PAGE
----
Perhaps of interest esp. to birders from N.Y. City eastwards (& near-coastally), a Prothonotary Warbler was photographed on Nantucket island (part of Massachusetts) on 4/15, & on 4/16 Blue Grosbeak was also photo’d. on that island. As had been noted previously, a modest spring-overshoot of at least some of the ‘usual suspects’ had occurred in the recent weather of earlier this week. Some of those kinds of migrants may yet turn up in the area, including N.Y. state. A few, such as Indigo Bunting, have already showed in N.Y. City & elsewhere and this is still much ahead of the typical date-range of that species. And of course, it won’t be all too long for some as expected-date arrivals as well, for some NYS regions.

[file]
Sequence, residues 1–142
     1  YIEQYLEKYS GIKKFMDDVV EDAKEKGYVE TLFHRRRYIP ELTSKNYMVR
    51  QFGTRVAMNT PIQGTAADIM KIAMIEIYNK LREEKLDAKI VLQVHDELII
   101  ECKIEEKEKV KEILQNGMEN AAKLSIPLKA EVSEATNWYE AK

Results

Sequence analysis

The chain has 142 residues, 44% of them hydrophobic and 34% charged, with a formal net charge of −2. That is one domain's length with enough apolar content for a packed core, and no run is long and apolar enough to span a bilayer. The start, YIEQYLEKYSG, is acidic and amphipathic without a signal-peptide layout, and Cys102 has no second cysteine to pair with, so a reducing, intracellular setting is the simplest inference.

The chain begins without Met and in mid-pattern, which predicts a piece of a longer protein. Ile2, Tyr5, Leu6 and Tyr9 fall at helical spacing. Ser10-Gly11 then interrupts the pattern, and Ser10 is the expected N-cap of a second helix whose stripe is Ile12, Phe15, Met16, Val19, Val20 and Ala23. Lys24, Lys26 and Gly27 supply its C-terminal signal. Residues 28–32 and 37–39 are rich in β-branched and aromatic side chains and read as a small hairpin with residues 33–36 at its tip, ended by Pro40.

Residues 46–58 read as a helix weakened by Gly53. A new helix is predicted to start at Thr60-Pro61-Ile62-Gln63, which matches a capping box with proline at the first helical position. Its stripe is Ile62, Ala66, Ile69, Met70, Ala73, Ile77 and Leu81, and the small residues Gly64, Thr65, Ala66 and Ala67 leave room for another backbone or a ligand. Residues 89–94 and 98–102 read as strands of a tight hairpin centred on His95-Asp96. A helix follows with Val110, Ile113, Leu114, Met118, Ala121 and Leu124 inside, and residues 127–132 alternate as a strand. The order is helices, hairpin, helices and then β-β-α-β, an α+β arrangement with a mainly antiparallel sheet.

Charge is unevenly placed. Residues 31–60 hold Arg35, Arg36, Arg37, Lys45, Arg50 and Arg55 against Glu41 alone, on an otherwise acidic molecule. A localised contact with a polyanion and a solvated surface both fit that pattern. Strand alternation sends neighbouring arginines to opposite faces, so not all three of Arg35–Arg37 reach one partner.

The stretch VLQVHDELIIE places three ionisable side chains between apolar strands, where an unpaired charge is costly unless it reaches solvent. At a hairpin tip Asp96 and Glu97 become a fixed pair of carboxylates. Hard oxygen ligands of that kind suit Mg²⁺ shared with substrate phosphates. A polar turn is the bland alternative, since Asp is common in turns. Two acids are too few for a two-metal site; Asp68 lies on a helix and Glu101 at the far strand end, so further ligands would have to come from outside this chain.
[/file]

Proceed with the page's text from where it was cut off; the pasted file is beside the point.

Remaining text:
— Manhattan / N.Y. County, N.Y. City, from Sunday April 12 thru Thursday, April 16 - A now-brilliantly plumaged RED-HEADED WOODPECKER, continuing its long long stay in Central Park was still present Thursday 4/16, and I saw this bird move slightly farther north at one point, to the vicinity or ‘latitude’ of W. 99-100th Streets, while still in its’ favored ‘lane’ of trees that are just east of a cindered wide bridle path, and slightly west of the edge of the fenced N. Meadow ballfields. For the most part though this woodpecker seems to favor areas on the southern 2/3 of that stretch, starting from nearer to “latitude” W. 97th. (the closest park entry is W. 97th & Central Park West). To be even more specific, standing somewhere just a bit east or north of a set of stone steps that face to the north, parallel with & adjacent the cindered bridle path is a good area to try for this bird; there is space enough to be social-distanced, & still allow for a dozen or more people in that area. (And I have not seen that many people observing or seeking this bird at one time in many months.) Easter Sunday, 4/12 - Long-tailed Duck again appeared on the Central Park reservoir, still a very-unexpected species (within Manhattan) away from the rivers & waters surrounding Manhattan island. This day featured at least 6 warbler species present on one day, which were: Northern Parula, Black-and-white, Yellow-rumped [Myrtle], Palm, Pine & Louisiana Waterthrush. There was a modest re-invigoration of a number of species, which included (but not limited to) Yellow-bellied Sapsucker, E. Phoebe, Golden-crowned Kinglet, & Palm Warbler. There also was a light (as observed) early movement of various passerines & some other species, such as Great Blue Heron, Double-crested Cormorant, Tree Swallow (& likely at least 1 or 2 additional hirundine spp.), Blue Jay, American Robin, & Red-winged Blackbird. At least several Bald Eagle sightings came from various observers at different times & locations in N.Y. County this day. Savannah Sparrow was widely seen in multiple location around N.Y. County this day. To be a little more specific, Savannah Sparrow was reported from at least 8 completely separate locations - with total for Manhattan island of at least 20 of the species - from parks &/or green-spaces on Manhattan island on the Sunday. In Central Park, there were a minimum of 6 of this species- with just one individual receiving the bulk of birder’s attention at many time of the day. (Incidentally, sightings in Central Park for the latter species were not first-of-year, that came on January 28th. These also were not first-of-spring for Manhattan as the species was noted a number of times since that date, this year. And there have been a few further/earlier sightings in the county.) … Meantime, it’s become tougher to find the recently near-common [Red] Fox Sparrows, as more have moved on. Monday, 4/13 - A large foul-weather system with rain, some t-storms, & some extreme winds came in, beginning around midnight in the NYC area, & continuing to intensify with some wind gusts locally to over 75 m.p.h. especially closer to the sea & near larger open waters. The worst of the winds moved in as of the afternoon, while some of the rains were intermittently strong over Manhattan. Interesting sightings for the day included a report of 4 photographed (J. DiCostanzo) Greater Yellowlegs at Inwood Hill Park, & 2 BONAPARTE'S Gulls by the East River, seen by a keen observer at mid-day. On the Central Park reservoir before noon, I saw one Lesser Black-backed Gull, among at least 180 other gulls all of which appeared to be of the most usual 4 species, with at least 2 Laughing Gulls present and the rest consisting of at least 50 Great Black-backed, 70+ [American] Herring, & over 50 Ring-billed Gulls, both on the mostly-submerged central dike, & some, esp. Ring-bills, holding fast to the water as it came to wind-whipped-whitecap stage (at which point I left the reservoir shore). I also did not notice a Long-tailed Duck (which had been present all day there on Sunday). There were at least 2 American Coots hanging-in, one at the reservoir, & a 2nd long-lingering at The Pond. (n.b., incidentally I had slight hopes something more unusual just might’ve come along in the storm, into Manhattan - however, it may well have, & birding in Central Park was perhaps the less-likely site in which to search. The 1 L.B.-b. Gull there was not new for the year, not wholly unexpected by any means as that species is known to show, at certain sites, in numbers in such events as this weather brought, a ‘southeastern’ storm with wind out of that general direction, becoming more southerly & very late, westerly thru the day in N.Y. County. Further note, I spent a total of 105 minutes at the reservoir, circling it twice & scanning for 20+ min’s. from 2 locations; gulls were still arriving late a.m., at least some departing by early p.m.; most gulls do not stay all day at that site but move in & out & change in no’s. & composition daily, a pattern seen for many decades.) Despite rain & modest earlier winds, the Ramble & various other areas in Central were, firstly, near-devoid of people, & secondly, fairly bird-y. 4 Warbler spp. were in & around the Ramble, with 1 Black-and-white very possibly same as seen in the Ramble on Sunday; also present was a Blue-headed Vireo near the park’s weather station. The others were Pines, Palms & Yellow-rumpeds [Myrtle] in a few places, esp. on the Point & at the s. path along Turtle Pond. Very low no’s. of Hermit Thrush were seen, but Kinglets were in great numbers, most being Ruby-crowned, as well as a few B.-g. Gnatcatchers. The sound & sight of White-throated Sparrows singing all thru the morning & from most points within Central was impossible to miss. Noticably fewer (but still present) were Chipping Sparrow or Slate-colored Junco, & E. Towhee may have been a bit more scarce this day as well. Tuesday, 4/14 - The weather that cleared away for the most part locally on Mon. eve. did not allow for a great deal of influx, at least not in Manhattan, while it seemed to have done so for exodus, with some migrants having moved on. A Common Loon in bright spring plumage showed on the Central Park reservoir, one of a number of fly-overs but which singly chose to stop in for a while - an annual sight there. Some of the same species were however in much of same locations as had been in the day or days just prior. Perhaps much more interestingly, a fairly good diurnal flight was seen, with a variety of species on the move through the day - among the interesting species were at least 4 Chimney Swifts, part of a modest no. of these that are starting to turn up in the region, these over the west side of Manhattan in mid-morning, but not noted in same area later. Other fly-bys or fly-overs included a very small no. of Red-winged Blackbirds, Common Grackles, and B.-h. Cowbirds going low & north, at first-light from the n.w. corner of Central Park. Later, what seemed a very light flight of raptors, with a couple of Red-shouldered Hawks & N. Harrier a highlight, as well as Bald Eagle, Ospreys, Sharp-shinned Hawks, & American Kestrel (some likely migrants) & Merlin. At least 5 warbler spp. were again seen: N. Parula also continuing for at least a 4th day, & Louisiana Waterthrush, Palm, Pine, & Yellow-rumped [Myrtle] Warblers all ongoing. Blue-headed Vireos were seen in a few Manhattan locations, & had by this date been seen more-widely in the region, incl. some points far north of N.Y. City, which is early for this species. Wednesday, 4/15 - A clearing day, after some rains pushed through the region overnight, & seeming not to have allowed for a lot of migration… but certainly some species which had been around were still, while at least some may have departed on what opportunities they found to move on. A lot of waterbirds have moved on, which seemed to include the 1-day Loon from Central Park’s reservoir, gone this day. Also starting to clear out have been a lot of N. Shoverlers, although a concerted effort could see up to 2 dozen - down from well over 200 not very long ago. It also seemed that a lot (not all) of the swallows that had come through moved on. There were some sightings of Bald Eagles, Ospreys, & various other raptors as well as both Vulture species. Thursday, 4/16 - A perhaps-modest arrival, with more of some species again (subtle to see the daily change, since all are species that had been around already) such as Yellow-shafted Flicker, Ruby-crowned Kinglet, Blue-gray Gnatcatcher, Hermit Thrush, Eastern Towhee, various sparrows, including Field, Chipping, Savannah, Swamp, & even more White-throated, and at least somewhat more Yellow-rumped [Myrtle] Warblers. There was also a light flight of Red-winged Blackbird, Rusty Blackbird, & Common Grackle, & probably Brown-headed Cowbird too - the latter showing in some areas where not noted before. Of areas I visited from the s. end of Central Park to the north, the Loch was the single birdiet area for species & overall no’s. of some birds. Just there, including the slopes on both sides (& east-west) were Black-and-white, Pine, Palm, Yellow-rumped [Myrtle) Warblers (the latter in modest no’s. in the trees & some lower) & Louisiana Waterthrush, plus many Ruby-crowned Kinglets, no’s. of Hermit Thrush, & assorted sparrows, even at least briefly a Savannah Sparrow coming in to bathe; Field & Chipping Sparrows in the multiple scattered around the n. end. At least one Snowy Egret went over the n. end of Central Park on the usual east-west / west-east flyway there, as well as a small no. of Great Egrets using same path. Flights of raptors & vultures seemed small to me, but then I did not make a lot of effort in the increasing gusty winds; there were at least some Turkey Vultures, Ospreys, and assorted others on the move, along with a fair number of Double-crested Cormorants. At one regional hawk-watch not too far from N.Y. City, nearly 100 Broad-winged Hawks were seen on the day. More of those are assuredly coming. For Manhattan, few [Red] Fox Sparrows were still around, but will be harder & harder to find in the next week or two; the species is typically all gone from N.Y. City before May, much the same of Juncos. Other birders were out in multiple areas & various parks, finding a good variety of species. One interesting recent report but which ought to be confirmed or further documented was of a *potential* Wood Thrush at Inwood Hill Park; a possibility this early in April, but should become likelier by later in this month. An uncommon bird for the county was found later on this day in Manhattan, but for best social & spatial distancing reasons, it will be noted in a report perhaps next week; further it is likely to have been a release of a ‘rehab'. Please use common-sense - and follow city & state orders & other regulations regarding pandemic Covid-19 safety at all times. Sightings from N.Y. County, April 12th thru 16th: Canada Goose (common, some are nesting) [Atlantic] Brant (very common thru the period) Wood Duck (ongoing to 4/16 in Central Park, at the Meer) Gadwall (uncommon, a year-round bird now in N.Y. City) American Black Duck (uncommon but some in various locations) Mallard (common) Northern Shoveler (very reduced no’s. still in Central Park thru 4/16) Bufflehead (still in no’s.) Red-breasted Merganser (very few, harbor area to at least 4/13) Ruddy Duck (reduced no’s.) Red-throated Loon (thru 4/16, East River & poss. elsewhere) Common Loon (one in Central Park but just for 1 day; others scattered on rivers & harbor) Double-crested Cormorant (increasing) Great Blue Heron (multiple, including some fly-overs) Great Egret (still in only modest no’s.) Snowy Egret (scarce so far) Black-crowned Night-Heron (still relatively few for the date) Black Vulture (some sightings, mostly from n. Manhattan) Turkey Vulture (multiple fly-overs) Osprey (multiple fly-overs) Bald Eagle (multiple, incl. one occasionally perching at Riverside Park/north) Northern Harrier (few sightings, fly-overs) Sharp-shinned Hawk (modest no’s.) Cooper's Hawk (low no’s.) Red-shouldered Hawk (few, fly-bys) Broad-winged Hawk (few, fly-overs) Red-tailed Hawk (common nesting resident; some later migrants still possible) American Coot (not noted by me as of 4/16) Killdeer (regular in one N.Y. County location; likely present at some others too) Greater Yellowlegs (4 photographed at Inwood Hill Park on 4/13, noted above) American Woodcock (several sightings for Manhattan) Laughing Gull (very modest no’s. esp. at rivers & NY harbor area) Bonaparte's Gull (2, from E. River, on 4/13 as noted above) Ring-billed Gull (common) [American] Herring Gull (common) Lesser Black-backed Gull (non-adult, Central Park reservoir, 4/13 as noted above) Great Black-backed Gull (fairly common) ['feral'] Rock Pigeon (ubiquitous) Mourning Dove (common) American Kestrel (many are nesting now in N.Y. City; also some migrants passing) Merlin (several reports) Peregrine Falcon (almost all sightings in Manhattan now are of city-resident individuals or pairs) Great Horned Owl (ongoing) Eastern Screech-Owl (ongoing) Chimney Swift (4 passing over the w. side of Manhattan on 4/14; a few others reported elsewhere; also reports of small no’s. increased from the region) Belted Kingfisher (at least several, thru 4/16) Red-headed Woodpecker (ongoing, bright breeding plumage, Central Park nr. W. 97-98 Streets, just east of the park’s West Drive roadway; often active) Red-bellied Woodpecker (fairly common) Yellow-bellied Sapsucker (a very slight uptick again, by 4/16) Downy Woodpecker Hairy Woodpecker (scarce) Yellow-shafted Flicker (increased a bit by 4/16) Eastern Phoebe (many moved on, but still a few as of 4/16) Blue-headed Vireo (multiple, but not many, as of 4/16; seen in multiple Manhattan parks) Blue Jay (fairly common) Common Raven (multiple locations) American Crow (fairly common) Fish Crow (uncommon but multiple sightings; a few nesting) Tree Swallow (only small no’s. but should increase) Northern Rough-winged Swallow (prob. most-common of 3 swallow spp. seen this week) Barn Swallow (modest no’s. and should increase soon) Black-capped Chickadee (very scarce) Tufted Titmouse (scarce) White-breasted Nuthatch (small no’s. noted) Brown Creeper (multiple, but not many; thru 4/16) Carolina Wren (widespread & uncommon) Winter Wren (very few thru 4/16) Golden-crowned Kinglet (few still around thru 4/16) Ruby-crowned Kinglet (nearly common this week) Blue-gray Gnatcatcher (multiple, & increased no’s.) Hermit Thrush (moderate to good no’s., a few singing a bit at earliest / latest hours of day) American Robin (nearly ubiquitous) Gray Catbird (scarce, but at least some that overwintered are still in a few locations) Northern Mockingbird (very apparent, some singing even at night as is rather normal) Brown Thrasher (very small no’s. & even a few in locations where they had wintered) European Starling (ubiquitous & pestiferous as they interfere with many native birds) Eastern Towhee (modest no’s.) Chipping Sparrow (fairly modest no’s.) Field Sparrow (small no’s. but increased very slightly) Savannah Sparrow (multiple locations) [Red] Fox Sparrow (fewer & fewer) Song Sparrow (regular breeding-resident; & still likely some passage migrants) Swamp Sparrow (very slight increase) White-throated Sparrow (very common, & many singing from multiple locations) Slate-colored Junco (like Fox Sparrow, greatly diminshed no’s. Red-winged Blackbird (fairly common) Rusty Blackbird (several) Common Grackle (near-common) Brown-headed Cowbird (increased no’s.) - Northern Parula (at least 4-day stay, thru 4/14 which is still early for the species in N.Y. City) Yellow-rumped [Myrtle] Warbler (multiple, modest increase this week) Pine Warbler (continuing in modest to low no’s.) Palm Warbler (continuing in modest numbers) Black-and-white Warbler (several, 1 seen on 4/16 at Central Park’s n. end) Louisiana Waterthrush (continuing in small no’s., at least several in Central Park thru 4/16) - Northern Cardinal (common resident breeder) Purple Finch (several sightings from various areas; familiarity with the song is helpful to locate) House Finch (fairly common) American Goldfinch (modest no’s. in various areas) House Sparrow (ubiquitous & pestiferous with a lot harming native nesting birds in many areas) 1 additonal sp.- & report for another time. Some wild mammals seen in Manhattan this week included Eastern Red Bats, Raccoons, Eastern Chipmunks, & others. Some butterfly sightings included Question-mark (photographed), E. Comma, Mourning Cloak, & Cabbage White. A number of other insect species, in many families, were also seen. Trees & shrubs which have come into bloom this week include American Redbud, Amelanchier (Shadbush), Flowering Dogwood (a few), Hawthorn, Viburnum, (native) Azalea, and at least several others with ongoing ornamental cherry, apple, pear, & others as well as ongoing Cornus mas trees. More & more flowers of many kinds also are in bloom, even some early roses in a few places. Tree leaf-out has slowed a bit, thanks to cooler nights and some cooling wind, but there are many trees that have begun the process. -- Thanks to all the many who help us through these difficult times, above all the health-care workers of the world. And thanks to all who are doing their part to be of help by practicing safe & sensible precautions as advised by responsible health & public-safety experts. We are all in this fight against a worldwide epidemic. Good & safe birding, Tom Fiore Manhattan -- NYSbirds-L List Info: http://www.NortheastBirding.com/NYSbirdsWELCOME.htm http://www.NortheastBirding.com/NYSbirdsRULES.htm http://www.NortheastBirding.com/NYSbirdsSubscribeConfigurationLeave.htm ARCHIVES: 1) http://email@example.com/maillist.html 2) http://www.surfbirds.com/birdingmail/Group/NYSBirds-L 3) http://birding.aba.org/maillist/NY01 Please submit your observations to eBird: http://ebird.org/content/ebird/ --